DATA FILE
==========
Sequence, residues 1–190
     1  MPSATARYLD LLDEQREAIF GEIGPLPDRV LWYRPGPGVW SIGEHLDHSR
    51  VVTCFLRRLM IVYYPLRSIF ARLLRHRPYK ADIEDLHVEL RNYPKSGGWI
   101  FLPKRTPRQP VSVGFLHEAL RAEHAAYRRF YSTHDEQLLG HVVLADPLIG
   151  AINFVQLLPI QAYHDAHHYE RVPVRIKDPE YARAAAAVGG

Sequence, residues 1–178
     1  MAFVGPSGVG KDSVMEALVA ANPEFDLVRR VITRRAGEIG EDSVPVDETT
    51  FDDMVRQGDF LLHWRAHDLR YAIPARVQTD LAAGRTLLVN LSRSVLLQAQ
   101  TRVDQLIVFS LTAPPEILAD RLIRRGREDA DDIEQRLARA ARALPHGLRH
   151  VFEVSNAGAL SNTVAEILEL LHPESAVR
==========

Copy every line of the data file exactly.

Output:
Sequence, residues 1–190
     1  MPSATARYLD LLDEQREAIF GEIGPLPDRV LWYRPGPGVW SIGEHLDHSR
    51  VVTCFLRRLM IVYYPLRSIF ARLLRHRPYK ADIEDLHVEL RNYPKSGGWI
   101  FLPKRTPRQP VSVGFLHEAL RAEHAAYRRF YSTHDEQLLG HVVLADPLIG
   151  AINFVQLLPI QAYHDAHHYE RVPVRIKDPE YARAAAAVGG

Sequence, residues 1–178
     1  MAFVGPSGVG KDSVMEALVA ANPEFDLVRR VITRRAGEIG EDSVPVDETT
    51  FDDMVRQGDF LLHWRAHDLR YAIPARVQTD LAAGRTLLVN LSRSVLLQAQ
   101  TRVDQLIVFS LTAPPEILAD RLIRRGREDA DDIEQRLARA ARALPHGLRH
   151  VFEVSNAGAL SNTVAEILEL LHPESAVR